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'A very real danger': Just 4,000 calls made to 60,000 Dublin Airport arrivals in first two weeks of July

Only half of the calls made were answered.

Image: PA

JUST 4,121 CALLS were made to check in with more than 60,000 passengers who arrived through Dublin Airport in the first two weeks of July.

Only around half of those calls were answered. According to figures released by the Department of Justice to co-leader of the Social Democrats Róisín Shortall, some 61,844 passengers arrived in the airport from 1 July to 15 July.

The Border Management Unit (BMU) made 4,121 calls and 2,129 of those calls were answered.

Justice Minister Helen McEntee in her response to Shortall’s parliamentary question said given the increase in passenger numbers recently, the BMU is “required to concentrate on their core immigration duties”.

She said her department awaits handover of this follow-up process to the Department of Health.

The Taoiseach has recently said the government is not happy with the level of follow-up in relation to these forms.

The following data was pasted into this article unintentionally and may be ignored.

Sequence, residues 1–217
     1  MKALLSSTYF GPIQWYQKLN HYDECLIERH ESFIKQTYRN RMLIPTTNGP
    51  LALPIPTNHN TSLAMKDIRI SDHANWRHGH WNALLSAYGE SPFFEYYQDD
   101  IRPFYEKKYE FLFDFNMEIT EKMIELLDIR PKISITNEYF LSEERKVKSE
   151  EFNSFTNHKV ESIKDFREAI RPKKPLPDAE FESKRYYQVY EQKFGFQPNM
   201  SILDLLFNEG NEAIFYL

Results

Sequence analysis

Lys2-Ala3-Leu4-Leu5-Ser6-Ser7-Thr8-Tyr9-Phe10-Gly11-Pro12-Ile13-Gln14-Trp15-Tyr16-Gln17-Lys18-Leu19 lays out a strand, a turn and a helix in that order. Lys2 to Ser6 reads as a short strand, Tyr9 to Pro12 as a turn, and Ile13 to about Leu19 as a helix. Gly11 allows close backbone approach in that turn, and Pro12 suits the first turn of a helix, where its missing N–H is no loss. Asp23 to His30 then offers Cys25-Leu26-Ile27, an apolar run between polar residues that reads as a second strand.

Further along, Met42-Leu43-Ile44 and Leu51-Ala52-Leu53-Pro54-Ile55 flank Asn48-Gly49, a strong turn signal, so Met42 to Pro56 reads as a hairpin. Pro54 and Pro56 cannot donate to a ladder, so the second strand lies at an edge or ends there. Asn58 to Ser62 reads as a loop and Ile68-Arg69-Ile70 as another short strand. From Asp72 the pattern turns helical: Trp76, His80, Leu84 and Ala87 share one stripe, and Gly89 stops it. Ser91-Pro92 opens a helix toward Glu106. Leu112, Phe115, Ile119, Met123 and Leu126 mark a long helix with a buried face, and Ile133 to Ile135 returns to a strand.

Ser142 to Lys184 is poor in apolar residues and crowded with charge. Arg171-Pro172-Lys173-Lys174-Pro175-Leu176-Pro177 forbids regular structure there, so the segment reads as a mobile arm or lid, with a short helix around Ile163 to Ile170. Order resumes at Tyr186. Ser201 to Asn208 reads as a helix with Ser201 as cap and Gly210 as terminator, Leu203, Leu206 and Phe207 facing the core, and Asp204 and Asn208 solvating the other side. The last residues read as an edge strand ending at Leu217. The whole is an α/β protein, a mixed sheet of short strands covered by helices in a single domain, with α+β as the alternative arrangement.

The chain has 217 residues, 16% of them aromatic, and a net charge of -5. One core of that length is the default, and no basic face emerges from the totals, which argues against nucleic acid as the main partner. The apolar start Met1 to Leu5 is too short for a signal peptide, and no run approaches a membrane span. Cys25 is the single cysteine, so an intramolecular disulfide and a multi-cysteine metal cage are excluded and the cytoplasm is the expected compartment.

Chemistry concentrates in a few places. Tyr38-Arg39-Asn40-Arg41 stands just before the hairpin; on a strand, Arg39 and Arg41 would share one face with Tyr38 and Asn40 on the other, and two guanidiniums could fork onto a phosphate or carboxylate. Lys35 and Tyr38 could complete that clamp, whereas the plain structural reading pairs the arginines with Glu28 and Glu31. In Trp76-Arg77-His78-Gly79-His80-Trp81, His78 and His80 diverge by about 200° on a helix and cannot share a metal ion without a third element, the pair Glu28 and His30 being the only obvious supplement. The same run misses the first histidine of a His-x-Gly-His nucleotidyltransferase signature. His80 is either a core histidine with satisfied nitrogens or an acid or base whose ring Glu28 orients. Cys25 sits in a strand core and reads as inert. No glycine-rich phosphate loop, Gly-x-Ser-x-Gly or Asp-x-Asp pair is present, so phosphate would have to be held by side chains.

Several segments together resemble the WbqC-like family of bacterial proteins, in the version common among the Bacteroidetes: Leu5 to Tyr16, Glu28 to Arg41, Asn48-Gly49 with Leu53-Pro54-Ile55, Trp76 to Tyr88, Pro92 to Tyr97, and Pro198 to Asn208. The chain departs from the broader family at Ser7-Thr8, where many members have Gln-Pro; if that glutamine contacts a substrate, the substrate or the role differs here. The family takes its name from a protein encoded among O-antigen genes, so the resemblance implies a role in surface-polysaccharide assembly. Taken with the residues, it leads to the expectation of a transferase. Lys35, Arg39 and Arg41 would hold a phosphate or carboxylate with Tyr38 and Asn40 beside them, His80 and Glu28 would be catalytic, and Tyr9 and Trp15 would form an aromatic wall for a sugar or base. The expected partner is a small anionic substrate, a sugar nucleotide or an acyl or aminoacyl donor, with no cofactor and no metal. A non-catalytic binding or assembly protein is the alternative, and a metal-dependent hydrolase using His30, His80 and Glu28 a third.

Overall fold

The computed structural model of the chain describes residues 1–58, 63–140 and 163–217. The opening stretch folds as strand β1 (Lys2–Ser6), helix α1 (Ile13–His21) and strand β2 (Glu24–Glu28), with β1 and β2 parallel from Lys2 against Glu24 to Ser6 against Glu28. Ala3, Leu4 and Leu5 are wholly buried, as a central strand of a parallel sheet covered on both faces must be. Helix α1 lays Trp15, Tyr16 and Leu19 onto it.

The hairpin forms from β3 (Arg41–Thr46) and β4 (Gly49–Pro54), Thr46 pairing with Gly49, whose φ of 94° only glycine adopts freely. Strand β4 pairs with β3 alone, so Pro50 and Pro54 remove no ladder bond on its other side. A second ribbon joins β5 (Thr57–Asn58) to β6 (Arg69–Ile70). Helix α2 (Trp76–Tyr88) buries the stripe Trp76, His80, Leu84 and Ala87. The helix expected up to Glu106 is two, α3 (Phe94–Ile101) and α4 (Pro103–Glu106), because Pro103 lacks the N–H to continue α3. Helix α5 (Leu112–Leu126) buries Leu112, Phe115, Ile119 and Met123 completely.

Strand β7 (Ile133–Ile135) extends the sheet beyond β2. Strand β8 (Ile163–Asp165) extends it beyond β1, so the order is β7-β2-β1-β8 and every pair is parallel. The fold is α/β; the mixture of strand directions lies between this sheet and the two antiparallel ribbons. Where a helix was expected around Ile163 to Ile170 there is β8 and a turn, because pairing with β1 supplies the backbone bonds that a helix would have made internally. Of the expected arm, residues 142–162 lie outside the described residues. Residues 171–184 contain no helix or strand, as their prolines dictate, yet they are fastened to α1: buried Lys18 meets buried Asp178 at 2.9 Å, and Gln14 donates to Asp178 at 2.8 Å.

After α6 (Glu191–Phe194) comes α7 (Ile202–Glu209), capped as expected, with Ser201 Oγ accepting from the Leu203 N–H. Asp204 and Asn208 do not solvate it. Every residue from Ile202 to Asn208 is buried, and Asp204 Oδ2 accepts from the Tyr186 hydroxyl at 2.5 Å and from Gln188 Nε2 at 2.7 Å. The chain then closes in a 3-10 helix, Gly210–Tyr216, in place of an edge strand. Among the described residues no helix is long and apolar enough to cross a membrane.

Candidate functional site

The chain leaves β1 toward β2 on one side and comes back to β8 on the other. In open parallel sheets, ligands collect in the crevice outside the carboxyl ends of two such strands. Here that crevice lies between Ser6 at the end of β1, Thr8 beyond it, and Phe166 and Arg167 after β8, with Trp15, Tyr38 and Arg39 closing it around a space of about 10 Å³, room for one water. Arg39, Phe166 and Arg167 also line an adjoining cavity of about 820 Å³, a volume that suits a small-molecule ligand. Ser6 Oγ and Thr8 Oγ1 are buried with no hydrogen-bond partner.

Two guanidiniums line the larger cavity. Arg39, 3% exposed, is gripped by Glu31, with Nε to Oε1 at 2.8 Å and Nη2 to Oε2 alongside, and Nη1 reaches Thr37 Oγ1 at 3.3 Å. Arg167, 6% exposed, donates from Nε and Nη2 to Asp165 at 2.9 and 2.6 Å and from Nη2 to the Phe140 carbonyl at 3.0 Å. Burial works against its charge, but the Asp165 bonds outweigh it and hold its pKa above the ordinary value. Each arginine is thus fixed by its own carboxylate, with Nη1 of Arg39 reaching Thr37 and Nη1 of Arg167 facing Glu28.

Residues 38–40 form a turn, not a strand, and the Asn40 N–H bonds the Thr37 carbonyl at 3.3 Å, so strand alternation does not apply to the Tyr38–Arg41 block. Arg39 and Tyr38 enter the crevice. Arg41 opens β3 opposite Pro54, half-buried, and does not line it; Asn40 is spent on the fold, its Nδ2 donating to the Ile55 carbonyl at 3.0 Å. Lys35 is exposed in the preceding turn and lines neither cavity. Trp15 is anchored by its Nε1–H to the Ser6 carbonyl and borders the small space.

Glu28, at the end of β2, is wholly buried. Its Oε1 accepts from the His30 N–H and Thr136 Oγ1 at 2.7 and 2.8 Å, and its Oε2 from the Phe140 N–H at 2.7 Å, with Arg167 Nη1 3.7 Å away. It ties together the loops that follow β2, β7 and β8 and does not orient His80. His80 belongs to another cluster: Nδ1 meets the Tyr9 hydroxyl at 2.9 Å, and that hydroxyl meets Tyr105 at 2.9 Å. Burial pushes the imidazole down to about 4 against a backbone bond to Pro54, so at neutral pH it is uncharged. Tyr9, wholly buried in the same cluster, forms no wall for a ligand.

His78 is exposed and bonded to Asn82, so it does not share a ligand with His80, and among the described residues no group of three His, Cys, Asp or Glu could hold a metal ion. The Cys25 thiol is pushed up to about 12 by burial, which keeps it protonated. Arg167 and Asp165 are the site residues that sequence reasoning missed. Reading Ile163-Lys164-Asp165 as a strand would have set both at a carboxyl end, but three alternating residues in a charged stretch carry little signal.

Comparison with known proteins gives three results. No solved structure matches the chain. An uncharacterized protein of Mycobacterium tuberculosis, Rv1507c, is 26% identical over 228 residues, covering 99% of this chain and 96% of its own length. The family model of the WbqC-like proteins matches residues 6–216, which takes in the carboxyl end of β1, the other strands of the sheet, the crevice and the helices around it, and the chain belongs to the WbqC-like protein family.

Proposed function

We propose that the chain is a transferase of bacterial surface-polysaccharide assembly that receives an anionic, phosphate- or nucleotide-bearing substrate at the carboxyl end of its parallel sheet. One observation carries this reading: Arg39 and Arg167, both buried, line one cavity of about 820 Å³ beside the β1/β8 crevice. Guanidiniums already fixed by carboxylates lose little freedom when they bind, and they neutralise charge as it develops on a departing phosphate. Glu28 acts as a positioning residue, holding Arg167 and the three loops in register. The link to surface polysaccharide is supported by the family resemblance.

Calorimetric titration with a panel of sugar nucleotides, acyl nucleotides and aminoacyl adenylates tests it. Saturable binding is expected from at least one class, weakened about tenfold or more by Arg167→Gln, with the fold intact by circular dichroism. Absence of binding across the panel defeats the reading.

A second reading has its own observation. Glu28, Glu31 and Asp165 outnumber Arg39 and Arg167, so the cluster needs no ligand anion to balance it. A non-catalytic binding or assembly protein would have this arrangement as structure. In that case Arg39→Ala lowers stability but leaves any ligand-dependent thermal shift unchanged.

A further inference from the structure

He announced plans to step up monitoring and enforcement including digitising the passenger locator form and creating a centralised database for people entering via ports and airports. He also said a new call centre is also to be established to check in with those people who arrive to Ireland.

Speaking to RTÉ’s Today with Sarah McInerney this morning, Shortall said the figures were “shocking”.

What they indicate is that there are little or no controls in terms of people travelling to this country, very often from countries that have very high levels of the coronavirus. The talk from government about putting in place regulations and controls at our ports and airports simply ring hollow when you look at the figures.

She said the Department of Justice clearly does not “want to be doing it” and is waiting to hand the task over to health officials.

Shortall said this is “a very real danger” and accused the government of being “asleep at the wheel”.

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